Clive: Founder of British India

January 31, 2013|
Clive: Founder of British India

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Robert Clive (1725–1774), later Baron Clive of Plassey, is widely considered the founder of British India. He arrived in Madras as a clerk for the East India Company in 1744. Through timely promotion and a clear affinity for military leadership, he proceeded to consolidate the company's commercial and territorial position in South India before doing the same in the northeast in Bengal. In 1757 company troops under his command defeated the Nawab of Bengal at the Battle of Plassey. This victory set in motion the East India Company's ascendancy over much of India and eventual development into the world's largest transnational trading company at the time. This paved the way for the 1857 creation of the British Raj, which would last for another ninety years.

Clive is a fascinating and important historical figure: a lowly company employee who rose to great heights; an informally trained military commander who led company and local Indian troops to a series of stirring victories over local rivals who were supported by the French; a grasping politician who used his great wealth to secure a prominent social position; and, finally, a hounded society notable who, plagued by illness, allegedly took his own life.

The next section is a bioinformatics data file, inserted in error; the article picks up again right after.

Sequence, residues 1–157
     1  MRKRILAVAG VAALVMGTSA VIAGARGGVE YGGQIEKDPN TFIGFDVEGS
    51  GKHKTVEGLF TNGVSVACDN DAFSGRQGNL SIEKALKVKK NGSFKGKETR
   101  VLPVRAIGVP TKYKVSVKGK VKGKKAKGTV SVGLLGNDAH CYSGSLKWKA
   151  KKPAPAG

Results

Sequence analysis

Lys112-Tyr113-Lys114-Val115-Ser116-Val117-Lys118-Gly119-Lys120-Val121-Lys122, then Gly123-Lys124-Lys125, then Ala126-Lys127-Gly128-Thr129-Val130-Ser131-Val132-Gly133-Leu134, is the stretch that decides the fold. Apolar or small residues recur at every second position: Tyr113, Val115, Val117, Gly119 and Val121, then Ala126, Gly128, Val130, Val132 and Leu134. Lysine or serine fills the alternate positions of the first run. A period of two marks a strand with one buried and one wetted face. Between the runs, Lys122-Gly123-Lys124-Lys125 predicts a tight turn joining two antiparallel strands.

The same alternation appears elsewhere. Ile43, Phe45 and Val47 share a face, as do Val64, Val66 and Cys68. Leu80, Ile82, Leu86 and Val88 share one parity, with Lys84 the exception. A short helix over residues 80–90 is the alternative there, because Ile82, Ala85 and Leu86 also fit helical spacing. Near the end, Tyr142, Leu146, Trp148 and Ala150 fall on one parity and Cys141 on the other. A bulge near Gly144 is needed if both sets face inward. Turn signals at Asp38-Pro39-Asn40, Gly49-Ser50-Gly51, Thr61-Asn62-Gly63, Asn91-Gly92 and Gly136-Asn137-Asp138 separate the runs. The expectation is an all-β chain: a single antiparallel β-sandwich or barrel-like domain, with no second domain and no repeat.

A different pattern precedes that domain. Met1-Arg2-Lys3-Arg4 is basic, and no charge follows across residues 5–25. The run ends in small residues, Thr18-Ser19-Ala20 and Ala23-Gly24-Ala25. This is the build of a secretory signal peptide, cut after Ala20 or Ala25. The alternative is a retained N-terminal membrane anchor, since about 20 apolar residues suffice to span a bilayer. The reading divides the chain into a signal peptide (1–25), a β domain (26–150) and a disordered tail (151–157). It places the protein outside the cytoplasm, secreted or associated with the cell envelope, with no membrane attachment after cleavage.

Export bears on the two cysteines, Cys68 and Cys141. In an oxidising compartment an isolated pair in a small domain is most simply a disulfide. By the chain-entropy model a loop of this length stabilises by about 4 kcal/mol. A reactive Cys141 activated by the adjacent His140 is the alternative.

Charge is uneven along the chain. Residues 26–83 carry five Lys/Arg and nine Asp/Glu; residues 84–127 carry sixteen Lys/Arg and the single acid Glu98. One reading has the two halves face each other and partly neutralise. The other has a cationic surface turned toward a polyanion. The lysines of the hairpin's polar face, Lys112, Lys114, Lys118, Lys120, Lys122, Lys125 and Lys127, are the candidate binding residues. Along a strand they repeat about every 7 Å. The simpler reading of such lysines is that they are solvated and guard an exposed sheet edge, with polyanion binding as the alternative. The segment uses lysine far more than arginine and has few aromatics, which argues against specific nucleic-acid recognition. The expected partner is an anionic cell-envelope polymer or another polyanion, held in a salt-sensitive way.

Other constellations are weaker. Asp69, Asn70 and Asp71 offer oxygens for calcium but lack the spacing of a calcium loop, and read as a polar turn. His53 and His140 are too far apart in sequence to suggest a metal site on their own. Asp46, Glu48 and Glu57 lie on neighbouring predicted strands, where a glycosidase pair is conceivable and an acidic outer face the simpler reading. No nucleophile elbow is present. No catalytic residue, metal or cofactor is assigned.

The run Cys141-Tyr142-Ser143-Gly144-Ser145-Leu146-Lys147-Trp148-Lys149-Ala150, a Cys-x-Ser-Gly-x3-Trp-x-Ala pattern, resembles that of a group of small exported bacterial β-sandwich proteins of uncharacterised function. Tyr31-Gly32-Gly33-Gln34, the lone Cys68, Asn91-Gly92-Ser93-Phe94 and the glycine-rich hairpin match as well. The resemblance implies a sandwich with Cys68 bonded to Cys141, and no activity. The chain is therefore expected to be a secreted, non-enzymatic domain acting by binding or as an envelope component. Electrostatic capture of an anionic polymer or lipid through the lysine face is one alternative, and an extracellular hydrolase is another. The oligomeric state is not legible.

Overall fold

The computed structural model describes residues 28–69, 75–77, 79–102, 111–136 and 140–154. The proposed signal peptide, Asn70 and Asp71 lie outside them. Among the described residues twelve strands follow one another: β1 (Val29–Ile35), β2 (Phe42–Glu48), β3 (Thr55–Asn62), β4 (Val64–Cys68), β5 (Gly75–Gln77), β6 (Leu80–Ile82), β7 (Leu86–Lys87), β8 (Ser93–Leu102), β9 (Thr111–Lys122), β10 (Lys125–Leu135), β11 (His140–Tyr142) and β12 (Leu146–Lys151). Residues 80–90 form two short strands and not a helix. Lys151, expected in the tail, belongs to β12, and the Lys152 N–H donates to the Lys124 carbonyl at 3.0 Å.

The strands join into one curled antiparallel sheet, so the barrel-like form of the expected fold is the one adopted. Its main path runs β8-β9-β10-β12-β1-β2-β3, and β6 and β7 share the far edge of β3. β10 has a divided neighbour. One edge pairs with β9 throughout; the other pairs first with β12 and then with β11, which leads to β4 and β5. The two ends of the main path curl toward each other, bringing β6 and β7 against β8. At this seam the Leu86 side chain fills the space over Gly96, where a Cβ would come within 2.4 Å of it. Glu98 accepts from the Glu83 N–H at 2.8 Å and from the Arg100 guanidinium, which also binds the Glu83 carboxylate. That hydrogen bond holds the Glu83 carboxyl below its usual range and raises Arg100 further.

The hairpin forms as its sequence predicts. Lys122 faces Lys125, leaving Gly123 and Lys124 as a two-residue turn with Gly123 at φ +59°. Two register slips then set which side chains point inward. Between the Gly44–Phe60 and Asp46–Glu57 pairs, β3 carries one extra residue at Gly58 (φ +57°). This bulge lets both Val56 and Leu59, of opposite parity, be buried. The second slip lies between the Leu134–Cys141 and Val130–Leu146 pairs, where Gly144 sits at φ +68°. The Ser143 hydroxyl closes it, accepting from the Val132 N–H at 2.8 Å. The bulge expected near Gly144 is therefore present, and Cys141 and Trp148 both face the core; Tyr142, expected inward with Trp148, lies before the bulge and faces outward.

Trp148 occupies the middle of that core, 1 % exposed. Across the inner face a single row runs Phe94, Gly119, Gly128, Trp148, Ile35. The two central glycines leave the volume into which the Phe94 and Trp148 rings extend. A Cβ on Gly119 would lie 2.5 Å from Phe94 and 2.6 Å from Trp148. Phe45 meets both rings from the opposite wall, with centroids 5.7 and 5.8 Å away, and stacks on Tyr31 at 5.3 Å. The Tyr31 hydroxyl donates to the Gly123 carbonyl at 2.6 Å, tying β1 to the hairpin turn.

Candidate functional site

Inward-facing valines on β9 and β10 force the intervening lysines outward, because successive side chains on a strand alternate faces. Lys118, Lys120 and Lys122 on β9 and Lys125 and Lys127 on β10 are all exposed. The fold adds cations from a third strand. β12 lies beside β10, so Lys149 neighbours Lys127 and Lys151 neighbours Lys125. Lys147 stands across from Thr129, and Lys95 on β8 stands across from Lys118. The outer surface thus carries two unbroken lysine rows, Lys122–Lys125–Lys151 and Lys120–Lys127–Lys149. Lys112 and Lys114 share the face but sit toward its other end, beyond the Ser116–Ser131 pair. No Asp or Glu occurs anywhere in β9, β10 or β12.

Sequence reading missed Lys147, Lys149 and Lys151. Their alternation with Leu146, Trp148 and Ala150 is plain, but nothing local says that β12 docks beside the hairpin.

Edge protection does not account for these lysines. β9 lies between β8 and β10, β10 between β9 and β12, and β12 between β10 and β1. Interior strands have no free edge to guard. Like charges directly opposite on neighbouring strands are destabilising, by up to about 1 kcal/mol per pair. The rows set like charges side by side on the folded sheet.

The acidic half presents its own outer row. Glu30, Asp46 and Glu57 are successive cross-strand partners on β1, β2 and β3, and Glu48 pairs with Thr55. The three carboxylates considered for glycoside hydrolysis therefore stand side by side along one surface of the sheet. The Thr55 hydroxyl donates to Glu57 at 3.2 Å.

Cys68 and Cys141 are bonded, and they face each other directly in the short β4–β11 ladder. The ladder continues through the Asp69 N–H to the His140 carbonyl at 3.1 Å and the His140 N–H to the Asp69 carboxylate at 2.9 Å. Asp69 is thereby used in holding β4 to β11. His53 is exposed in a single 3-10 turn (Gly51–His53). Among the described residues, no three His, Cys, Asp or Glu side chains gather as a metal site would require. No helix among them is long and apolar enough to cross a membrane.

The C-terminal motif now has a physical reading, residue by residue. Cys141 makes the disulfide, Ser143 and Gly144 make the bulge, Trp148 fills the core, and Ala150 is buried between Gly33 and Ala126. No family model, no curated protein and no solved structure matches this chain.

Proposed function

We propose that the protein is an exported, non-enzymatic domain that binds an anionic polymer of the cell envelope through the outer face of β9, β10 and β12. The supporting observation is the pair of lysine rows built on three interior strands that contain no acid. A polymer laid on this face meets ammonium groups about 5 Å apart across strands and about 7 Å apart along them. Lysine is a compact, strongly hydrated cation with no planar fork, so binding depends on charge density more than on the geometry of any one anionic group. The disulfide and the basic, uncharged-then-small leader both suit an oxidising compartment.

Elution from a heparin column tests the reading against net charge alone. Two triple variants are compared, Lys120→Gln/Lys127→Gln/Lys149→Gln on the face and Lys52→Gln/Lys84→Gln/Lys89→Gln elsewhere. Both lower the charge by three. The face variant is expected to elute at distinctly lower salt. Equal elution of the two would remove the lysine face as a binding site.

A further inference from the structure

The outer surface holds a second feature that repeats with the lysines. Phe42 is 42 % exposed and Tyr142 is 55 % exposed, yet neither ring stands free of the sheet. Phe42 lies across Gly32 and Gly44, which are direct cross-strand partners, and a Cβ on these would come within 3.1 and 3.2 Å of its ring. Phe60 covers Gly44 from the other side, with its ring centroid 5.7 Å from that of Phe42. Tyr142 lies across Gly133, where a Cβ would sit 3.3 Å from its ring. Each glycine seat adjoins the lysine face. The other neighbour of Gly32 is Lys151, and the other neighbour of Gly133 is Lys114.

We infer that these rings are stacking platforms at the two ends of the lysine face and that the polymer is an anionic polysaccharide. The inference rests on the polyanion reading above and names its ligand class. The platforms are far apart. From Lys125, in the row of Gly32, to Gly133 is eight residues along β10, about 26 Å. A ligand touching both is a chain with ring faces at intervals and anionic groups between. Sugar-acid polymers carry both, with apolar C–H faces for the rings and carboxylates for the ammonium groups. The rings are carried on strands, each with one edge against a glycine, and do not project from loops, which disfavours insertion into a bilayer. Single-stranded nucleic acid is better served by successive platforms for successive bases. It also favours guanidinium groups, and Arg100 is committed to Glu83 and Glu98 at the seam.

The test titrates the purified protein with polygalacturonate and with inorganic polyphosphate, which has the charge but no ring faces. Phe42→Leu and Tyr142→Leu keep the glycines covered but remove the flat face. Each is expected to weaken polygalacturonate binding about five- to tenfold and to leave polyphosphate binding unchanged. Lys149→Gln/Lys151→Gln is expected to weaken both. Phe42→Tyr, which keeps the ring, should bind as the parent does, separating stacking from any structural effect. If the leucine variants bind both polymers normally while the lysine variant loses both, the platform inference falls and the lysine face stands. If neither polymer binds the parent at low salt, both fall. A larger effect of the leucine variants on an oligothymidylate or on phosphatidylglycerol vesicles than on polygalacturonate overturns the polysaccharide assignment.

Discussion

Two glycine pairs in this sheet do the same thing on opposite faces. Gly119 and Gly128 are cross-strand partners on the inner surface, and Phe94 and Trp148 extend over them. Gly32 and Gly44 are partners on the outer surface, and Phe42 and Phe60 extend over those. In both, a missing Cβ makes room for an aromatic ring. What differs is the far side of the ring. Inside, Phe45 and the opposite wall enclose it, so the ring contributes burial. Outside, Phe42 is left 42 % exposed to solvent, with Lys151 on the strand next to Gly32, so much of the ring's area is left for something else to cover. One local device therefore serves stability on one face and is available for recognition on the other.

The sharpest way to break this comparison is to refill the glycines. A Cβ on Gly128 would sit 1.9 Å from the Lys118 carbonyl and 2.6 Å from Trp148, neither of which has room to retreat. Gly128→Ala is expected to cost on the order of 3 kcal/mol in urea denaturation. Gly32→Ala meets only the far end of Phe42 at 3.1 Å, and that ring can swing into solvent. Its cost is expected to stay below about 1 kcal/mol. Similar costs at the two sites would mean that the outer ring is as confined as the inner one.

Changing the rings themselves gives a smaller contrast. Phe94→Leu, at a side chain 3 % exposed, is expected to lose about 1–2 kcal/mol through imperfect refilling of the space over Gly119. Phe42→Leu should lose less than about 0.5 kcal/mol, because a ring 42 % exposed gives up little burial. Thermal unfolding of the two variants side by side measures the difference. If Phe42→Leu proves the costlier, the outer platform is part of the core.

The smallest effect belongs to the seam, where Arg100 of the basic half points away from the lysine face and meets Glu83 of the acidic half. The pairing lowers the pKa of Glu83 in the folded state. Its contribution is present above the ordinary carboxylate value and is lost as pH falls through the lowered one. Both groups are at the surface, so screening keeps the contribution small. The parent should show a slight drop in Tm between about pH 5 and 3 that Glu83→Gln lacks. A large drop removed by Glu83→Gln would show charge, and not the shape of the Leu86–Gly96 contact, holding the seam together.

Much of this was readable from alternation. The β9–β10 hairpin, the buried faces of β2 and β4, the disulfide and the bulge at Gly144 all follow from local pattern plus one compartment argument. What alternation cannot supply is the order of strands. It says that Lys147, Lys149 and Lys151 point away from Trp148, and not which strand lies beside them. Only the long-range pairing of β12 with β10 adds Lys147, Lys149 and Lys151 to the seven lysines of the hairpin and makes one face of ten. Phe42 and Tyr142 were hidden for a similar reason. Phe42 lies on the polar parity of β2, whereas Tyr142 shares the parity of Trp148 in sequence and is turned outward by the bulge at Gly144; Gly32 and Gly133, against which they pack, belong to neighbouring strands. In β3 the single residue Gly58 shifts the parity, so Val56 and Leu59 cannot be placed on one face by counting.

No one in the early days of the British ventures in India was as well known or as controversial as Clive. Today, when empire and globalism are witnessed and talked about with ease, Clive's position as both a servant of the East India Company and an agent of imperialism makes him a surprisingly resonant figure.

Title:Clive: Founder of British India
Format:Kobo ebook
Published:January 31, 2013
Publisher:Potomac Books Inc.
Language:English
Appropriate for ages:All ages
ISBN - 13:9781612341699

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